Zephaniah 3’s description of God exalting over Israel as a husband over his bride has created some difficulties for interpreters. According to on Balserak ( Divinity Compromised: A Study of Divine Accommodation in the Thought of John Calvin ), Conrad Pellican and Bucer argue that since “God is not able to be revealed with human words” He speaks inappropriately: He “compares and offers himself to his people at one time as a father ( modo patris ), another time as a mother ( nunc matris ) and then taking to himself the feelings of a married man ( mariti affectum ), since he surpasses all these in excellence” (24).

Calvin has even more trouble with the prophetic portrayal of God:

“what could be more alien to God’s glory than to exult like human beings when influenced by joy arising from love? It seems then that the very nature of God repudiates these modes of expression. In fact the prophet seems as though he had removed God from his celestial throne in heaven to earth . . . . God represents himself here as a husband who burns with intense love for his wife; and this does not seem (as we have said) to be suitable to his glory. But whatever tends to convince us of his ineffable love for us . . . doubtless illustrates the glory of God and takes nothing away from his nature. We at the same time see that God, as it were, humbles himself. For if it were asked if these things are suitable to the nature of God, we must say that nothing is more alien to it. It may then appear completely incongruous that God should be described by us as a husband who burns with love for his wife, but we hence learn more fully, as I have already said, how great is God’s favor towards us, who thus humbles himself for our sake, and in a manner transforms himself, while he puts on a character not his own.”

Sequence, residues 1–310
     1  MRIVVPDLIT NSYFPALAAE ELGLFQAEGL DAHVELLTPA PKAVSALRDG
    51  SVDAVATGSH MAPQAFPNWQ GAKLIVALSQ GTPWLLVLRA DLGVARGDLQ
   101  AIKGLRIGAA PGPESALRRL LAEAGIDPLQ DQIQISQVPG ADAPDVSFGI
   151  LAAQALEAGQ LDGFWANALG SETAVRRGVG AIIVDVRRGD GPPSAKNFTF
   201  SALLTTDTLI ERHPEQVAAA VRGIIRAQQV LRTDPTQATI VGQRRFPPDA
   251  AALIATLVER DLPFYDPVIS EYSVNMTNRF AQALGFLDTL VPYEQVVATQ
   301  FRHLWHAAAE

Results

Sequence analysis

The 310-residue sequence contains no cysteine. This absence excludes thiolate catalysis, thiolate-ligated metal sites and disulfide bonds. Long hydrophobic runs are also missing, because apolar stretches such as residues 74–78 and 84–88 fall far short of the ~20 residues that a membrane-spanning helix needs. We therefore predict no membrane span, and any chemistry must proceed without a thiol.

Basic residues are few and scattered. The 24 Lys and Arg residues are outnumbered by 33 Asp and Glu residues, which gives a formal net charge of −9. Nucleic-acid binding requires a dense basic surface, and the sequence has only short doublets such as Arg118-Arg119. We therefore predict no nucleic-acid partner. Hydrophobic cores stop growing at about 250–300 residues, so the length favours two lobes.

But how does Calvin know this? He is clearly testing the biblical portrait of Yahweh’s joy by reference to a theology proper that excludes divine joy. But where does the standard theology come from? His answer, I suppose, would be that Zephaniah 3 is alien to the overall revelation of God’s nature in Scripture, and he may also claim that “obscure” passages like Zephaniah 3 have to be read in the light of clearer passages. But Yahweh’s joy (and elsewhere His sorrow) are also part of the Bible’s character sketch of God, and there’s nothing obscure about them.

And this interpretive move raises questions about God Himself. If He “puts on a character not His own” by portraying Himself as a husband burning with love, how do we know when He’s not putting on a character? What kind of face is hidden by the mask?

Articles by Peter J. Leithart

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